Academic journal article American Journal of Pharmaceutical Education

The WHO UNESCO FIP Pharmacy Education Taskforce: Enabling Concerted and Collective Global Action

Academic journal article American Journal of Pharmaceutical Education

The WHO UNESCO FIP Pharmacy Education Taskforce: Enabling Concerted and Collective Global Action

Article excerpt

Keywords: international pharmaceutical education

Pharmacy Education is a priority area for the International Pharmaceutical Federation (FIP), the global federation representing pharmacists and pharmaceutical scientists worldwide that is spearheading the Global Pharmacy Education Taskforce. This paper describes the work of the Taskforce that was established in March 2008, explores key issues in pharmacy education development, and describes the Global Pharmacy Action Plan 20082010.

Given the significance of pharmacy education to the diverse practice of contemporary pharmacists and pharmacy support personnel, there is a need for pharmacy education to attain greater visibility on the global human resources for health agenda. From this perspective, FIP is steering the development of holistic and comprehensive pharmacy education and pharmacy workforce action to support and strengthen regional, national, and local efforts.

The role of a global organization such as FIP is to facilitate, catalyze, and share efforts to maximize pharmacy education development and stimulate international research to develop guidance, tools, and better understanding of key issues. To achieve this goal, FIP has (1) established a formal collaborative partnership with the 2 United Nations agencies representing the education and health sectors, United Nations Educational, Scientific and Cultural Organization (UNESCO) and the World

Health Organization (WHO); and (2) established the Global Pharmacy Education Taskforce to serve as the coordinating body of these efforts. The initial effort will serve to leverage strategic leadership and maximize the impact of collective actions at global, regional, and national levels. Three project teams have been convened to conduct research, consultations and develop guidance in the domains of vision for pharmacy education, competency, quality assurance, academic workforce, and institutional capacity.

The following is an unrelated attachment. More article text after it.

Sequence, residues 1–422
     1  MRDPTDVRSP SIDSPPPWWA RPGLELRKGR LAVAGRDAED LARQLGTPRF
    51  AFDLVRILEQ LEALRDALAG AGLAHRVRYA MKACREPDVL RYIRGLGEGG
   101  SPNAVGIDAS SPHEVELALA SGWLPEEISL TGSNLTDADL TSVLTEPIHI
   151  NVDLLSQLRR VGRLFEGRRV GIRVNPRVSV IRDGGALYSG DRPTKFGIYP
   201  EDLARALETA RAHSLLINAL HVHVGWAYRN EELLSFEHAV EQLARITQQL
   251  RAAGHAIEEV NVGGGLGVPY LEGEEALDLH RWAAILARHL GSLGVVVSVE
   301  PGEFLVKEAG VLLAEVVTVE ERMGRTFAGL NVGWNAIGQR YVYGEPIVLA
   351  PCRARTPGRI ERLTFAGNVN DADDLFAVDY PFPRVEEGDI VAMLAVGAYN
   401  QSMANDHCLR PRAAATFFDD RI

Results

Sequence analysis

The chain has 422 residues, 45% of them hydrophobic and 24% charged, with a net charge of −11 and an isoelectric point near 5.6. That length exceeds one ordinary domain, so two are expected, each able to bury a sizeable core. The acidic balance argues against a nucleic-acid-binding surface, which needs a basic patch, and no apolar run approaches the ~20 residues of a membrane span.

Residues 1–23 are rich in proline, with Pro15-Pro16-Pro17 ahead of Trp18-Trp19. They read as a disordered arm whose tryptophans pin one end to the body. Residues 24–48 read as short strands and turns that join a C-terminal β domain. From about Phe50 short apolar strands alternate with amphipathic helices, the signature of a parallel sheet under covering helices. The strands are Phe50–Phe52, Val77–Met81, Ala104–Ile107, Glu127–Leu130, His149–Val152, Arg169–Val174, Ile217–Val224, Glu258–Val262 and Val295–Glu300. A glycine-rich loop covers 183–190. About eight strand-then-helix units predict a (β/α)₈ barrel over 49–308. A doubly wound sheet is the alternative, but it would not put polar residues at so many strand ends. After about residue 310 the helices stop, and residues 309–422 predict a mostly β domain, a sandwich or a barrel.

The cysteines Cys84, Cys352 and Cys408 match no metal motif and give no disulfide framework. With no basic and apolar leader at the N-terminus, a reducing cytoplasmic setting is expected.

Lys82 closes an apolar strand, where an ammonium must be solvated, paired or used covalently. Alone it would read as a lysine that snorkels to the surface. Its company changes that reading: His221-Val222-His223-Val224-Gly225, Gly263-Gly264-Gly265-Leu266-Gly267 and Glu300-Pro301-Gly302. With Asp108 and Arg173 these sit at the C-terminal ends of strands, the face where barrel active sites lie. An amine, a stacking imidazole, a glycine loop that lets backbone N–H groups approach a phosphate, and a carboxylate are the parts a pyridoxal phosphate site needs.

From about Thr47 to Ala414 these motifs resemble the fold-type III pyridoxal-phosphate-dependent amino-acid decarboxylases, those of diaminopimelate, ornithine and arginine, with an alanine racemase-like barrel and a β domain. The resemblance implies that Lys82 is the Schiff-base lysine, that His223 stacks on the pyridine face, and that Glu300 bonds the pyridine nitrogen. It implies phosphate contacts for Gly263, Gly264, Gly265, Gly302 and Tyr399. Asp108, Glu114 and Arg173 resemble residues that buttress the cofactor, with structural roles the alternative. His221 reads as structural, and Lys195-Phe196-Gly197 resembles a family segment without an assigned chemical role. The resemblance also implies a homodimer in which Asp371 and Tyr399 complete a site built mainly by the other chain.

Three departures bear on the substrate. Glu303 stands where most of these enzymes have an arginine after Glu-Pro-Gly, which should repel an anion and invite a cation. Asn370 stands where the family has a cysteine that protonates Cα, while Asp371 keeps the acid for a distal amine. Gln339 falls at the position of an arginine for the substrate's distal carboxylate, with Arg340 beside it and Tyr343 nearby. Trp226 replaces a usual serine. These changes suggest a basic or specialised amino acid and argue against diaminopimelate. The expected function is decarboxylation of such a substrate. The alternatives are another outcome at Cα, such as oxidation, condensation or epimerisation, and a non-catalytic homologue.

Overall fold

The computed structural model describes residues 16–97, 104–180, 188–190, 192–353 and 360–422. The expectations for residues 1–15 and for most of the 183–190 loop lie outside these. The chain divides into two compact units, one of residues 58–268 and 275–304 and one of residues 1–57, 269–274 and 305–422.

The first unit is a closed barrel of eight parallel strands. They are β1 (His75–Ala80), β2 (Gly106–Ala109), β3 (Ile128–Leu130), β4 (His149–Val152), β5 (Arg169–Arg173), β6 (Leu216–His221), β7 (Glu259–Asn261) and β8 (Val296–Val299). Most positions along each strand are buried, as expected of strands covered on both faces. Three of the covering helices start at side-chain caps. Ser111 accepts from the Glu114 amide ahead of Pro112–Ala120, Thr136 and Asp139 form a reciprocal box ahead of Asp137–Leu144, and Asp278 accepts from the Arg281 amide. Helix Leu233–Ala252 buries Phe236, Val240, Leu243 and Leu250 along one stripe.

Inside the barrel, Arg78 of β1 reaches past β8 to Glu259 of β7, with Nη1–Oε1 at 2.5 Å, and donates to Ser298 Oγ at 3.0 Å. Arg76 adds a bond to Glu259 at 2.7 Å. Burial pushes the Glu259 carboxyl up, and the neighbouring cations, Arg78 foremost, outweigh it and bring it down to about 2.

BACKGROUND

Pharmacists in many countries are too few in number and trained at a critically insufficient scale. (1) WHO estimates a current shortage of more than 4 million health care workers. (2) Fifty-seven countries fall below the WHO threshold of 2.5 health care professionals per 1000 population, which has a negative effect on health outcomes and forms a barrier to achieving the Millennium Development Goals. While much of the evidence relates to physicians, nurses, and midwives, it is widely recognized that unless human resource shortages and imbalances are tackled in the pharmacy workforce as well, any attempts to improve health systems and access to and appropriate use of medicines will be undermined. (3) There are marked imbalances in the distribution of the pharmacy workforce globally, particularly in sub-Saharan Africa, where the size of the country represents the country's share of the pharmacy workforce. (4)

For many communities, the pharmacist is the most accessible or sole provider of healthcare advice and services. Pharmacists and pharmacy support personnel are willing, competent, and cost-effective providers of public health and pharmaceutical care interventions. Internationally, there is wide acknowledgement of the underutilization of the pharmacy workforce for public health roles. (5-8)

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The provision of pharmacy services in each country revolves around two workforce needs: (1) an appropriately trained pharmacy workforce to provide services, and (2) a competent and committed academic workforce to train sufficient numbers of new pharmacists and other pharmacy support personnel. These in turn depend on suitably resourced academic institutions composed of sufficient numbers of students who have the necessary intellectual and emotional competence to practice.

The 2006 World Health Report calls for more research and evaluation on the development of education and training, acknowledging that scaling up of education and training cannot rely on expanding existing institutions alone. …

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